Despite the conflicts we have, I’m still grateful that you still feel comfortable in coming to me when you have a problem. I know that a time will come when that will change and one of my struggles as a parent is how to always make you comfortable to talk to me about anything. I’m very conscious of how quickly I can lose you if I don’t handle certain conversations now, in a helpful way. I know that if I’m not open to talking with you now, you’re sure as hell not going to even try down the road. You came to me recently because there have been a group at kids at school who apparently look for you at recess and follow you around and call you names. You explained to me that it really hurts your feelings and you’ve asked them to stop repeatedly with no success so you endure most recesses with a group of kids who follow you around and call you a “lady-man.” Actually you seemed more annoyed than hurt because you repeatedly told me that you didn’t even know what a lady-man is.
After much discussion with you, we learned that one of the name-callers is actually a friend of yours that you play with on most days. Now, as much as I would like to show up in full momma-bear mode and destroy every child who makes you feel less than the amazing kid you are, I must practice self-control because of general laws that require me to do so but when suddenly we’re aware that we know the child, suddenly we’re faced with whether to meddle. Your dad and I ultimately decided that this needed to be your conflict to own and resolve. We gave you a lot of suggestions as to how to talk to these individuals and unfortunately your sarcasm isn’t quite where I would like to see it yet so I felt like this might be a long arduous process. Call it kismet because your dad found himself face-to-face with this individual and despite our decision not to meddle, went ahead and told the kid to knock it off. I’m happy to report that you’ve had no more encounters with this group during recess since. I realize it was wrong for us to fight your battle but we’re parents and we can’t help it.
Given your emotional tendencies lately, it’s only natural that you’ve gravitated towards the movie “Inside Out.” I have a love-hate relationship with this movie for a couple reasons. I’m happy that this movie has taught you about emotions and has taught you that not only do we experience all these emotions but it’s healthy to experience them all. On the flip side, it’s now an open invitation to scream at me that you’re feeling anger towards me and you have the right to do so. Yes, nothing improves my morning better than arguing with you to get ready for school as you’re screaming at me, “I’M FEELING ANGER AND THAT’S OK!” I usually have some kind of rebuttle where I tell you that’s fine because I’m feeling sadness towards a child who allows anger to spend so much time at the control desk or whatever happens in that movie. The point is, you have a real connection with that movie right now so I wasn’t at all surprised when you told me you wanted to be Joy for Halloween. Crazy enough, despite the popularity of the movie, it was quite difficult finding a store that sold the costume. It’s a relatively easy costume so I decided just to make it for you. You loved the dress but hated the wig because “it’s not Joy’s hairstyle.” Believe me, it’s not the hair that’s going to be the problem Miss Sassy Pants. I started the Halloween evening doing tequila shots so my memory of that evening is a little shoddy but from the moments I do remember, you were smiling and not stomping away from me in defiance so I’m going to safely call it a successful Halloween.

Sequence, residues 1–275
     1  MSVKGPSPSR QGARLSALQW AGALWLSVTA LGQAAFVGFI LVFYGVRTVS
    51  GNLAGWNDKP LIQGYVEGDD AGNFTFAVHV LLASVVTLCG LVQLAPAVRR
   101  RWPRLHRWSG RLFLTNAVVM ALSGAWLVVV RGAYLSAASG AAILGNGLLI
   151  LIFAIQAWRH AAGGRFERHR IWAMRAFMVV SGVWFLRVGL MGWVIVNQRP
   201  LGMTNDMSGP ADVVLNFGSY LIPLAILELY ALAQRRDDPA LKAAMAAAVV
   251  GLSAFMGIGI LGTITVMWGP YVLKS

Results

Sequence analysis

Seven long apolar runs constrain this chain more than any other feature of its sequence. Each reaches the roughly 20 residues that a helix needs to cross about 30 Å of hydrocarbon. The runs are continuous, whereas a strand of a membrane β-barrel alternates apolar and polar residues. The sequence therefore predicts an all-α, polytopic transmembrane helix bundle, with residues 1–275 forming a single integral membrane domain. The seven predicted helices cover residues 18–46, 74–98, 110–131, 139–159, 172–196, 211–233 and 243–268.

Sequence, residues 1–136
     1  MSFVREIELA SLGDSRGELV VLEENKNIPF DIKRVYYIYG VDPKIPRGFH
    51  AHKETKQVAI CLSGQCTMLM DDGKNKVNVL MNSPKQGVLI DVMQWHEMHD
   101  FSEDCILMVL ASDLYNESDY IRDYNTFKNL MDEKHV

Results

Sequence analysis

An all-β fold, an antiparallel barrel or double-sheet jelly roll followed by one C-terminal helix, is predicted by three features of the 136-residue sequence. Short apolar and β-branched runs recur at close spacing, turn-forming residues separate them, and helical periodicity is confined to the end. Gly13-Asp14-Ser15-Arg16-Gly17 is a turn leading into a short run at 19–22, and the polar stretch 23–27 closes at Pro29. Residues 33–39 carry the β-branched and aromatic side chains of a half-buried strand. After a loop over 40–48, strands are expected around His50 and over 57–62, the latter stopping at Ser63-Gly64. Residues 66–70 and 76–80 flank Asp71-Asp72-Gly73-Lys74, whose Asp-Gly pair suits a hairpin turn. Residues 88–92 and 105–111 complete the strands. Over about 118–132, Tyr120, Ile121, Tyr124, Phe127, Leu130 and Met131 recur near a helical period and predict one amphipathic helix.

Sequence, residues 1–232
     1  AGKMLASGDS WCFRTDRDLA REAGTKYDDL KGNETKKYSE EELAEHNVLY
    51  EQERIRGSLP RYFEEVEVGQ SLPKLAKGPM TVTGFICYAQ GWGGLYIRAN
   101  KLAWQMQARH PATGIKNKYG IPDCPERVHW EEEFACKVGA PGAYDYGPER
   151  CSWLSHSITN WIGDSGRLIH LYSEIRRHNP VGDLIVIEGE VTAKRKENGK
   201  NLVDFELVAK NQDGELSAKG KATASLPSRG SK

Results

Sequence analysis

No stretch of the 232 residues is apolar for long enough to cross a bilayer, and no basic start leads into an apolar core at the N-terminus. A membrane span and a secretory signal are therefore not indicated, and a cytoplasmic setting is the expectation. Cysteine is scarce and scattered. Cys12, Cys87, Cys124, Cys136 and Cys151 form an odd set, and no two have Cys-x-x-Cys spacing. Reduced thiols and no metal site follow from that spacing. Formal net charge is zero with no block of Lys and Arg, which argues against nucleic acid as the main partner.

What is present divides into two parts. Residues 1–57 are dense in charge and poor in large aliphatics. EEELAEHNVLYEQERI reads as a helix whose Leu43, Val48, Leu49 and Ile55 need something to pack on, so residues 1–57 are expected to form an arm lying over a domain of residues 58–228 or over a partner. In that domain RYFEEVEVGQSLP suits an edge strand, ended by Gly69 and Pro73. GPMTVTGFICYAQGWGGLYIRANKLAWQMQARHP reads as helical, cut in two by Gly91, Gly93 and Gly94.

These past couple months have been really challenging and I often throw my hands up in defeat or I frantically text your dad obscenities about you and I know that neither of those things are going to fix anything long term. We have a situation here where you’re growing up and realizing that growing up is hard. Watching you grow up is hard. I miss the days that I could fix everything with a hug and empty threats. I’m scared of having a daughter that is as fragile as you are. Due to your sensitive spirit, I have this need to overprotect you and clearly my momma-bear instincts often involve some toe-stepping and I’m realizing that conflicts will only become more frequent and pronounced if I continue to suffocate you with my ways. Despite having been a seven year old girl, watching you struggle with your own emotions seems so foreign to me. I feel my best presented to you isn’t nearly enough of what you need. I feel inadequate and highly unskilled. I have overwhelming fears that your anxiety and fears will grow into a monster that you’ll never reign in. Depression runs deep on my side of the family and I can’t ignore that when you come to me hysterically crying saying, “I can’t stop crying.” What is the normal amount of crying for a seven year old? What is the normal amount of anxiety for a thirty-four year old mother who doesn’t know what the hell she’s doing? When does parenting become easy? To be continued…